For the "Into the Sewers" quests you need 2 new boards. Here's some pics of how I made those boards.
The materials needed: Cardboard, 70x50cm about 3mm thick / black paper 70x50cm / black duct-tape / a can of glue spray for paper / a tape measure / a pencil / a sharp hobby knife.
Glue the black paper on the back of the cardboard using the spray glue. Use caution: spray at 30cm distance, do not inhale, spray in a well ventilated area, and use some underground like plastic or more cardboard. Use the duct-tape on the edges.
Fold the ends of the tape around the edges by cutting in the tape like shown.
Do this around all the edges. If you tape the short edges first, you can fold the edges of the long sides over the short sides. I did it the other way around, but it's better to do the edges last.
When finished, mark the middle of the back of the board, using the tape measure and pencil. Cut almost through the board, just enough so it folds.
Stick some tape over the folded edge. Press it firmly into the groove.
Leave some tape on each side, and cut it in half as shown.
Fold the tape over the sides firmly.
Lay down the tiles, so it fits on the board. Take the middle 4 pieces first, and spray them with glue. Mark the center of the board halfway with a pencil.
Using a box for spraying is handy.
Carefully place one tile on the board at the marked center, along the folding line (you can fold the board halfway while placing the first tile).
Place the rest neatly along the first.
After the first 4 tiles, simply glue the outer tiles along the edges of the middle tiles. Let it dry a bit.
The end result! I used some transparant regular sticky tape on the middle folding edge, so the paper wouldn't fold/crumble when folding the board.
I'm going to try and see how adhesive transparent foil will look like on a smaller tile, the kind you use for protecting books, and perhaps stick that over the entire boards as well, for waterproofing.
For my Space Hulk board pieces I print onto A4 sized label sheets which I laminate before peeling off the sticky part from the backing and sticking it down to mounting board similar to the board you use. This gives the boards a durable glossy finish and makes them fairly splash-proof.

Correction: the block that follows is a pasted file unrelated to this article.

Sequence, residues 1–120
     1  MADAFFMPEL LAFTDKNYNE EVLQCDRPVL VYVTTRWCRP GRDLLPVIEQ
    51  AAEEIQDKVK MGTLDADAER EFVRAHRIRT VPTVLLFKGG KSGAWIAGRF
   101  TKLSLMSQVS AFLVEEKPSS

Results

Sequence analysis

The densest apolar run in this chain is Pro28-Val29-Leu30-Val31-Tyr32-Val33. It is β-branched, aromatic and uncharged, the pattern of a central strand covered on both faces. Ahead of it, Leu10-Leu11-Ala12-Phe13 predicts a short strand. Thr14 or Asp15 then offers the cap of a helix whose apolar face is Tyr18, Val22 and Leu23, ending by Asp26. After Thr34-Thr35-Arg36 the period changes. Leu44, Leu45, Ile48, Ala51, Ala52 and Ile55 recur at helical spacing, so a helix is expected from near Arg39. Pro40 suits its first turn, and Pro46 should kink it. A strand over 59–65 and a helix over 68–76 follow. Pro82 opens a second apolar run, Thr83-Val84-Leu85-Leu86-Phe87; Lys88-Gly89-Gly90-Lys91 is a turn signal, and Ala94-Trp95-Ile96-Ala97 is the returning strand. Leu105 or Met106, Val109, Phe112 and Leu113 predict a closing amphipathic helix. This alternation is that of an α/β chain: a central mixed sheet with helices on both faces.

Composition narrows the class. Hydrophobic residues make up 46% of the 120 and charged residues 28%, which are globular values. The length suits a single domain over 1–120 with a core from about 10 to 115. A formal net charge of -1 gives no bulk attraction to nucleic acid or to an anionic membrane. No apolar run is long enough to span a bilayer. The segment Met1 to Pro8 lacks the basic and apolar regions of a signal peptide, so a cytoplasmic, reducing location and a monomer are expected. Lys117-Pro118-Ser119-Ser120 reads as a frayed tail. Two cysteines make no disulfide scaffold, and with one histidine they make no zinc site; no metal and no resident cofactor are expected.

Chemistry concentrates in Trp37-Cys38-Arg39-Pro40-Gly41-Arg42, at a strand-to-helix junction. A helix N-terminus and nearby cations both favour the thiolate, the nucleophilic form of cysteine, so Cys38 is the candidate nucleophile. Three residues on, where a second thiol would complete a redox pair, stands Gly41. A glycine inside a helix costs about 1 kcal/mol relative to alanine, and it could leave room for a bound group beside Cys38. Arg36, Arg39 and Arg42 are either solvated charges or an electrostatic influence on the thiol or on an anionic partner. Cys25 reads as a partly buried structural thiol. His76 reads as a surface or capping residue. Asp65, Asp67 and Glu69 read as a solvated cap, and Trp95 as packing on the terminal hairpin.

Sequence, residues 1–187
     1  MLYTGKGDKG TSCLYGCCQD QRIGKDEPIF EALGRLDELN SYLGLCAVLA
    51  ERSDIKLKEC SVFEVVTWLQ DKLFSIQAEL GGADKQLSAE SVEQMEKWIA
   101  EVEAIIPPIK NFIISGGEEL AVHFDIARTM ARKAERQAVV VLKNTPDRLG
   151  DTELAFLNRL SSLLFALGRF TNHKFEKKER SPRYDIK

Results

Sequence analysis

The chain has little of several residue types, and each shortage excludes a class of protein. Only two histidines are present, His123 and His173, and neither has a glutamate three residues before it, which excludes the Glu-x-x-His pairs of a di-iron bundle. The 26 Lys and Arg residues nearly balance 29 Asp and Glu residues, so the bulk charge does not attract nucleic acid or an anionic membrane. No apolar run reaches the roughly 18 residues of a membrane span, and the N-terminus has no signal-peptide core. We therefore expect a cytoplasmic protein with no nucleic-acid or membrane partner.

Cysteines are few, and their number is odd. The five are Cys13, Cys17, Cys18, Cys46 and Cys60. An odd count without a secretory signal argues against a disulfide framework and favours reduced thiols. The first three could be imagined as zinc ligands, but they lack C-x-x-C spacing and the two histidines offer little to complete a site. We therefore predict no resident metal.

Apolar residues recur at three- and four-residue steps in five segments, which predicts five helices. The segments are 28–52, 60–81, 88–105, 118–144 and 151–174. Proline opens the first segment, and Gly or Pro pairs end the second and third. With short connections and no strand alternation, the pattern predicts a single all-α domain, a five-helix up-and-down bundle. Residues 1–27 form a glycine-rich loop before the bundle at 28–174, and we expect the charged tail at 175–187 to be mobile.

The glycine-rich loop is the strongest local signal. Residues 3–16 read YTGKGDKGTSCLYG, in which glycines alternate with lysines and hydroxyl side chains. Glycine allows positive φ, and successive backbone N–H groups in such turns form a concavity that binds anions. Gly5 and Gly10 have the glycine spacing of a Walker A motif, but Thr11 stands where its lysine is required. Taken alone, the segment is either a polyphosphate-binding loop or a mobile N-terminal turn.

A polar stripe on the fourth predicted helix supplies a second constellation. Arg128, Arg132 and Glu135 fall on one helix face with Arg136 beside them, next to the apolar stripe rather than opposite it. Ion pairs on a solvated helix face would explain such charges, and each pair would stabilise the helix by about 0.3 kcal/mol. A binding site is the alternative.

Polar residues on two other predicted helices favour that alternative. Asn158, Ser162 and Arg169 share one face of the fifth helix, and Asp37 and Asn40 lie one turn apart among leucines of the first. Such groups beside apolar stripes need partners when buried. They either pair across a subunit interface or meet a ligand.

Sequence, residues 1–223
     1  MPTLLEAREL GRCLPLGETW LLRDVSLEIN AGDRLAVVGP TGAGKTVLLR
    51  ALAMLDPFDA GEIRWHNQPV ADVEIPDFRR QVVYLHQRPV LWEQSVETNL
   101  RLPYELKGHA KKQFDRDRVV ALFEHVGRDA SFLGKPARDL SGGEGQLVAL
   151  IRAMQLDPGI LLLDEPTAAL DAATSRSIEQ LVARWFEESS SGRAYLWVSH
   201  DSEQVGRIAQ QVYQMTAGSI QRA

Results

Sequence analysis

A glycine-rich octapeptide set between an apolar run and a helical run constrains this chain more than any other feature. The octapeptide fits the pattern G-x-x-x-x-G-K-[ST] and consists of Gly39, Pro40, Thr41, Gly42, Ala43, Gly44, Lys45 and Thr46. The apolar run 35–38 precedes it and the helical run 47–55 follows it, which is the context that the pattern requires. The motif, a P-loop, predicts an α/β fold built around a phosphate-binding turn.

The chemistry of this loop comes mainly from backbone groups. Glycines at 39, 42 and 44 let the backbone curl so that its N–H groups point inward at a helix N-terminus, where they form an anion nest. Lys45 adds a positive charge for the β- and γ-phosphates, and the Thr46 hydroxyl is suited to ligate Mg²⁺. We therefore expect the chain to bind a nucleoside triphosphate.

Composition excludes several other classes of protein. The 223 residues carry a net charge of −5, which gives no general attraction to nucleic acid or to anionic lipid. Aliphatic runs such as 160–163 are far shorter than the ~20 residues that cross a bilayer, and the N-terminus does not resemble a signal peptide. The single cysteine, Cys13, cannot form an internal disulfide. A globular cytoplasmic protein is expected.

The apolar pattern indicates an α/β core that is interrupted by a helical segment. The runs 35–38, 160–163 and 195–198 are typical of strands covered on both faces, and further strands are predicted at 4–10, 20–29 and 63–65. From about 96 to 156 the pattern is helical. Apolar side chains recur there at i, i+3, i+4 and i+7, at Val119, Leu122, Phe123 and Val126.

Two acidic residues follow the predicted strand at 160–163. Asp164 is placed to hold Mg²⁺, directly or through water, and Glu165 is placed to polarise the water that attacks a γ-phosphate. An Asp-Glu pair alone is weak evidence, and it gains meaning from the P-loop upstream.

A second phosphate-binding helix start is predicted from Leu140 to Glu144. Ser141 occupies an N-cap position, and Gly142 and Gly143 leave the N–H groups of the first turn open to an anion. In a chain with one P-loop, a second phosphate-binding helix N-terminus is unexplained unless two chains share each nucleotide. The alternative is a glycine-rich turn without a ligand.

~The ravings of a single mad Goblin is bad enough, but such a power-hungry, malice-filled creature as Mortis can never hope to be understood~
You've just taught me how to make actual boardgame-like game boards. (The finished product looks really professional Sjeng!)
I'm fairly penniless at the moment. ... I could set up a sweat shop of D&D themed Snakes and Ladders using my own tiles ...
(must resist ... actual ... practical ... application ... of ... designs ....)
Need glue and duct tape... (damn, they're expensive too ...) I guess painting even heavy card leads to warping?
Why not hang out with people who change furniature a lot and take the shitty chipboard backing that comes with most of it?
I have a load sat in my room right now, doing fuck all and not paying rent.. I might make myself a foldable, engraved game-board..
Mankinds first mistake; Questioning why those around him, are dying.
What is that stuff called? Silly stuff falls off the back of cheap shelves ... I mean it's not card and it's not chipboard? It's like super papermache ...
Definitely a perfect thickness for temporary gaming tables (if not too bent)
We actually also made some boards ourselves (first one was on the back of an old boardgame-board) and overlays with cereal boxes (though they tend to warp, so we swapped this for regular grey cardboard from the back of scetching blocks).
We found the best material (and relatively cheap) can be found in shops where they frame paintings.
The special 'cardboard' used to go around the painting th frame it within the wooden frame can easily cut to size and comes in different colours. Black is what we went for and it is flexible and sturdy!
Photoshop and Illustrator are my best friends, for they can make anything happen for tiles and cards!